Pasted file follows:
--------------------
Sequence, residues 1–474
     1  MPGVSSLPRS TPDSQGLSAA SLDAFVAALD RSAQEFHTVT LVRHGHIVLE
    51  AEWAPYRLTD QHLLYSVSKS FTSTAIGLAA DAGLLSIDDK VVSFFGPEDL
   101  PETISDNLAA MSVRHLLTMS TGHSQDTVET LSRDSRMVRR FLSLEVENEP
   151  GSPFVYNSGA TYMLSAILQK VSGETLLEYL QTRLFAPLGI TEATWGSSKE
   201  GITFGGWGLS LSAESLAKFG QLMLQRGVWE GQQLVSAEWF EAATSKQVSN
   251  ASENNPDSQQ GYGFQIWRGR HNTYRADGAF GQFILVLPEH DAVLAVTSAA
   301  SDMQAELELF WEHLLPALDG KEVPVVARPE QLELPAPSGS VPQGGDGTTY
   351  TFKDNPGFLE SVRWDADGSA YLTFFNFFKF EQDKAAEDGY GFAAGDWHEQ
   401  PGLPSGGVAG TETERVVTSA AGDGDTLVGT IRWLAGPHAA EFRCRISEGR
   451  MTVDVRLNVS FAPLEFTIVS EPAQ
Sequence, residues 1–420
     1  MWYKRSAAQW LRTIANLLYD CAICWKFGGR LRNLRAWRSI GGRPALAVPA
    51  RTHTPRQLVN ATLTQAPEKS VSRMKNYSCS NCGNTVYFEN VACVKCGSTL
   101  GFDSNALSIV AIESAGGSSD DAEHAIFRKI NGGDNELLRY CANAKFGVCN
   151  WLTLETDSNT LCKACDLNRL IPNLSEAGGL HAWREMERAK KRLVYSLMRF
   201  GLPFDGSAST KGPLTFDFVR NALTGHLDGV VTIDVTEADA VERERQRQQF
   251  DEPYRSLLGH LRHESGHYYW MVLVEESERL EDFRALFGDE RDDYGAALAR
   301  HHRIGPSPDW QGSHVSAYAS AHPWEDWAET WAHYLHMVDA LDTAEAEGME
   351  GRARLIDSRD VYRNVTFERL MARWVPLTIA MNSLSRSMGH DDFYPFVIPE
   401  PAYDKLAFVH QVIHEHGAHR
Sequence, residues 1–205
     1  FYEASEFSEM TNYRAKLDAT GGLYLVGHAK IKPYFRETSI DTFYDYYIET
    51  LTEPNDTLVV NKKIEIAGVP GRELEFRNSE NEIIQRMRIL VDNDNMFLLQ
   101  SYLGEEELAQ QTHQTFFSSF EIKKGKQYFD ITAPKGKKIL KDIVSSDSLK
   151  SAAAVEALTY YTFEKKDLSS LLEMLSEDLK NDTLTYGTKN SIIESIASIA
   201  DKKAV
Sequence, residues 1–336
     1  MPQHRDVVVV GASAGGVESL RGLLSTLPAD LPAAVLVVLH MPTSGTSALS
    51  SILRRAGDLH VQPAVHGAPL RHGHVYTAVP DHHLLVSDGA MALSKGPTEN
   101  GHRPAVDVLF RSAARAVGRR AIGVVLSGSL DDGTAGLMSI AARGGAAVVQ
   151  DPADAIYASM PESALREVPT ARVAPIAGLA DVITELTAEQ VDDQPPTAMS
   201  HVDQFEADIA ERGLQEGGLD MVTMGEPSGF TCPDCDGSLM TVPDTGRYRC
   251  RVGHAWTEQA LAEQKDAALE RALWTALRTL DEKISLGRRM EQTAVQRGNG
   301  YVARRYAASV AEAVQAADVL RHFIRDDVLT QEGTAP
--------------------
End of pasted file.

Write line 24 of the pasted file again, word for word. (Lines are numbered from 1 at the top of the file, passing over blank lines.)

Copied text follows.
    51  LTEPNDTLVV NKKIEIAGVP GRELEFRNSE NEIIQRMRIL VDNDNMFLLQ